2) If Jesus' family and friends buried him in this tomb, and knew he was the biological son of Joseph, they obviously would have known that the message they (and the other early followers of Jesus) were preaching was a lie. But this requires we accept that the earliest Christians were preaching - and laying down their lives for – a known fabrication. I can think of no historical hypothesis more implausible than this one. Consider also that among these early disciples was James, the brother of Jesus. What could possibly motivate a man to make up such stories about his own brother and then be willing to die for them (we know from Josephus, as well as the New Testament, that James was martyred in 62 AD).
3) The theory that this tomb contains the remains of Jesus and his family requires not only that we accept that the earliest Christians were liars; we also have to believe they were profoundly stupid. Why? Because they left their fabricated story (for which they were willing to die) open to refutation by inscripting this "truth" on these ossuaries: Jesus didn't rise from the dead and he had an earthly father. I see no evidence that the earliest disciples were close to being this unethical or idiotic.
4) The documentary will apparently appeal to DNA evidence. This really surprised me. What could DNA possibly tell us as it concerns the identity of the people buried in this tomb? It could at the most show that the people in the tomb are related to one another, but this would hardly be surprising since they're all buried in the same family tomb! DNA evidence certainly couldn't show that any of these folks have anything to do with the Jesus (or any other figure) of the Bible. We would need to have Jesus' DNA, independent of the tomb discovery, in order to compare it with the DNA of the folks in the tomb. But this, of course, we do not have. I honestly suspect the DNA stuff will be introduced just to give the documentary a more "scientific" feel (I've seen this ploy used on other documentaries on the Discovery Channel. It seems to legitimize the project, even if it's irrelevant to it).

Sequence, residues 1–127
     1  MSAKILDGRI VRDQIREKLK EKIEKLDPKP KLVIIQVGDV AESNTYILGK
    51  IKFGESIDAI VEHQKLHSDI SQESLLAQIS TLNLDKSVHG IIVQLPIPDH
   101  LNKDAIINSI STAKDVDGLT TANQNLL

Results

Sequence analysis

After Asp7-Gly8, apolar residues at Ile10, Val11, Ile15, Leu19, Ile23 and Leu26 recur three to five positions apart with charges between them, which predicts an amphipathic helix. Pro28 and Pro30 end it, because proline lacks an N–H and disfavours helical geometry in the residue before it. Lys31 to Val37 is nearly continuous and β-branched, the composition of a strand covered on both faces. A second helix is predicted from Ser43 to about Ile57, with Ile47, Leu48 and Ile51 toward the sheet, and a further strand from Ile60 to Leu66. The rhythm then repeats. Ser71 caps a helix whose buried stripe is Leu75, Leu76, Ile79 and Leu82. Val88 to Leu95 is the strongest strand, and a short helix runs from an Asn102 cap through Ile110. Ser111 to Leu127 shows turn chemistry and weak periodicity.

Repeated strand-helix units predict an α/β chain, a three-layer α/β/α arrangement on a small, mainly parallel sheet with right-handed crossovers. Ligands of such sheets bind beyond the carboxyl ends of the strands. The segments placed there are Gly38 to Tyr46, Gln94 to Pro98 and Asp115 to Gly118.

5) It was customary for first century Jewish males to be buried in their hometown or in the town of their forefathers. Jesus' ancestral line comes through Bethlehem and he grew up in Nazareth. So why on earth would he and his family be buried in Jerusalem? Also, we learn from a fourth century historian (Eusebius) that many people would visit the shrine of James, Jesus brother – and it wasn't at Talpiot, where this family tomb was unearthed. Yet, if this was the burial site of Jesus' family, this is precisely where one would expect to find James buried.
I'm sure that after I watch this documentary I'll have much more to say. I seriously doubt I'll have anything to detract. This honestly strikes me as just one more example of the kind of shock-the -world and expose-the-"truth"-about-Christianity hype that comes along at least once a year. It almost always relies on people being utterly uninformed about history.
The documentary's one redeeming quality is that it might get people thinking and talking about Jesus. And this provides we who are followers of Jesus an opportunity to share the very compelling historical reason we have for believing Jesus did not remain in the tomb and that he is, in fact, the revelation of God and Savior of the world.